The EC released the document to Computer Weekly after an appeal for disclosure went all the way to the top of its civil service. But it insisted on redacting the report's core proposals, exposing extensive areas where it has still not reached a conclusion over the future of its €500m IT budget.

Among those topics is the question of what to do about its runaway IT costs.

"In looking at the cost of IT projects, too often the development costs only are highlighted, whereas on average these only account for less than half the total cost," said the report.

"It is essential to properly assess the budgetary impact of a project... a realistic estimate of maintenance and support over the lifetime of the system must be factored in," it said.


Conflict of interests

The report also warned of a danger of a conflict of interests in Digit, the IT arm of the European civil service that handles the allocation of the €500m budget. The problem is that Digit acts as both "technology and service provider" and "advisor and broker". Again the Commission obstructed publication of recommendations on which directors-general have yet to act.

Šefčovič's plan relied on establishing common practices across Europe's entire administrative and legislative organisation, an ambitious initiative similar to that proposed for the UK public sector. Once people work the same way, it should be easier to incorporate them as a level of a commoditised software stack, plugged into the cloud.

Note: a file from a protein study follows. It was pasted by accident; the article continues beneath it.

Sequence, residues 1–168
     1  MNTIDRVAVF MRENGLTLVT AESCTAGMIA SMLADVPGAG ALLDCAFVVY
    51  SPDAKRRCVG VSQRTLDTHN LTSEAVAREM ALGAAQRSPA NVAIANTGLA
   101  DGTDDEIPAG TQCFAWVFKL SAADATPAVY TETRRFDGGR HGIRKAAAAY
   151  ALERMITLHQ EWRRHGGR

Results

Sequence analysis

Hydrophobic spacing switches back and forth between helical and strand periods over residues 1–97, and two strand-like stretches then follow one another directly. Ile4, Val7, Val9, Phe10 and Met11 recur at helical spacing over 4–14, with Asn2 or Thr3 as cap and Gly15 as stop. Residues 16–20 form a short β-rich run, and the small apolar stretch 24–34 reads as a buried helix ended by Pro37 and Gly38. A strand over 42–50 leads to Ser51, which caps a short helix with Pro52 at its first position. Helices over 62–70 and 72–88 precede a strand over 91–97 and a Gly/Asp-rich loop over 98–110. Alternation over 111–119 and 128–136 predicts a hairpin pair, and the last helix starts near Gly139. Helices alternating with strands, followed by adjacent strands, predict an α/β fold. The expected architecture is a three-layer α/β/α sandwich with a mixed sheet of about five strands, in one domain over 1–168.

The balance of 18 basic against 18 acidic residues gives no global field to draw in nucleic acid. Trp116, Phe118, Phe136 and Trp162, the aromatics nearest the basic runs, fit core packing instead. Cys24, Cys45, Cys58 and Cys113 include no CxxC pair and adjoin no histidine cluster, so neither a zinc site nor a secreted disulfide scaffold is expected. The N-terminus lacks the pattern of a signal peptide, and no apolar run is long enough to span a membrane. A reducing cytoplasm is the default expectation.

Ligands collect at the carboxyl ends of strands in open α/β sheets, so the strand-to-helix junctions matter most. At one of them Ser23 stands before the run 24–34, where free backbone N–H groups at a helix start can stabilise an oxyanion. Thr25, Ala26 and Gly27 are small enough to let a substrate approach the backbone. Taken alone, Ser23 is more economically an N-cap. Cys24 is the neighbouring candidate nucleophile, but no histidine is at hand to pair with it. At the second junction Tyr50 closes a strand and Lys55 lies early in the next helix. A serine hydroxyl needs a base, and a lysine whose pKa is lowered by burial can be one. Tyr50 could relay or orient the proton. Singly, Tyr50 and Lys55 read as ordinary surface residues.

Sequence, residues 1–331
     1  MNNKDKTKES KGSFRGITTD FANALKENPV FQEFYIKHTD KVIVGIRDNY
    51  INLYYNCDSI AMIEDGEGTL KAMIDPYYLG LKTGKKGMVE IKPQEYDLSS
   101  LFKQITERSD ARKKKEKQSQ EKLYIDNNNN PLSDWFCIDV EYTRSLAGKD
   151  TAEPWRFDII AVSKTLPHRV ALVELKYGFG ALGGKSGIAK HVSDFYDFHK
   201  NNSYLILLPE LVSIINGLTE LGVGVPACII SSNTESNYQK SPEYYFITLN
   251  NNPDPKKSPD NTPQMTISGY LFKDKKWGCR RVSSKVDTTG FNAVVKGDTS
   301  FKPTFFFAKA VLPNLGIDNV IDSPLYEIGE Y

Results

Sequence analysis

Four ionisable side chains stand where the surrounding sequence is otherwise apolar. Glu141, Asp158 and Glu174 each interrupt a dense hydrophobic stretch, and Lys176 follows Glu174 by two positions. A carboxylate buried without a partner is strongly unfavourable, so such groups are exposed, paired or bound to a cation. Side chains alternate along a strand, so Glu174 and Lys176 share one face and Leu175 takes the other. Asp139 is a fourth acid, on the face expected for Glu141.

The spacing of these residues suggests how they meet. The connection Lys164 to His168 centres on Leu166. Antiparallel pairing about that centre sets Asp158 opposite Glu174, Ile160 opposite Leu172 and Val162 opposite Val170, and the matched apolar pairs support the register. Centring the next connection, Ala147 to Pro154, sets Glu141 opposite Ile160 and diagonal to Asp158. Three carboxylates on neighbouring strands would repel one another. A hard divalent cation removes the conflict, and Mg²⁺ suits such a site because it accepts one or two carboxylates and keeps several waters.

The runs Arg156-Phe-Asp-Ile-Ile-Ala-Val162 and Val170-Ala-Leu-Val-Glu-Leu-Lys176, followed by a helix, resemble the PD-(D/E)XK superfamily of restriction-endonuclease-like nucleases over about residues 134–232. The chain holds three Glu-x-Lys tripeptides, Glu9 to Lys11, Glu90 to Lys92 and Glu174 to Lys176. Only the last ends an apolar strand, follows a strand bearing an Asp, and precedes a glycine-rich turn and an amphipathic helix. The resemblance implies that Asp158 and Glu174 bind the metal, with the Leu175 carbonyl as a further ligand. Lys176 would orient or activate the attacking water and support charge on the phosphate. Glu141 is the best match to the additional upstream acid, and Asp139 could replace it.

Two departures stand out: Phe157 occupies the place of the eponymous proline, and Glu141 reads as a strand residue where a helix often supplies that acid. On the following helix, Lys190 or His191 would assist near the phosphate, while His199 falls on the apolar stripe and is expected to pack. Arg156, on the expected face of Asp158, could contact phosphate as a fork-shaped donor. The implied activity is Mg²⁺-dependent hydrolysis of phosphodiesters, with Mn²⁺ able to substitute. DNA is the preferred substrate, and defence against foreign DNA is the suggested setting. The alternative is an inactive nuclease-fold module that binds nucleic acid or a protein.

Powerful, top-down pressure would be necessary to see the changes through and even then its aspirations did not realistically stretch beyond the imposition of standard business processes and systems within the Commission to those 53 other institutions with whom it is envisaged it may collaborate more closely.

"Without a clear corporate decision, the inertia inherent in a diverse organisation like the Commission will prevail and economies of scale not realised," said the report. "Diversity is nice but it has its price."

The Commission also faced a dichotomy over its use of external consultants. It has seen its fair share of IT project failures and its estate has grown to an unsustainable degree with, for example, 450 different policy lifecycle systems in use in 33 different directorates.

The report concluded after a survey of heads of all 33 directorates that a lack of sufficiently trained staff had created a bottleneck for its IT projects. Some directorates contracted out for their systems but they still could not do this adequately unless they had staff with the requisite project management skills.

With recommendations for a policy on open source software also obscured, the report revealed little about the Commission's position. "There is a growing need to constantly examine the pros and cons of adopting such new software in the Commission so that the most appropriate solution is found," it said.

Overview of EC Information Systems
Business Process Category Number of information systems* Number of directorates used by (of 33)
Policy Lifecycle 450 23
Legislation Lifecycle 47 6
Co-ordination 75 14
Programme Management 119 13
Grant Management 119 6
Communication and Dissemination 422 36
Strategic Planning 59 10
Financial Management 188 27
Procurement 76 13
Document Management 163 27
Asset Management 55 9
Audit 91 13
Human Resources 228 23
IT 397 37
Unknown 9 7
TOTAL 2,496 264
*Some systems perform more than one function
Source: Digit

Read more on IT risk management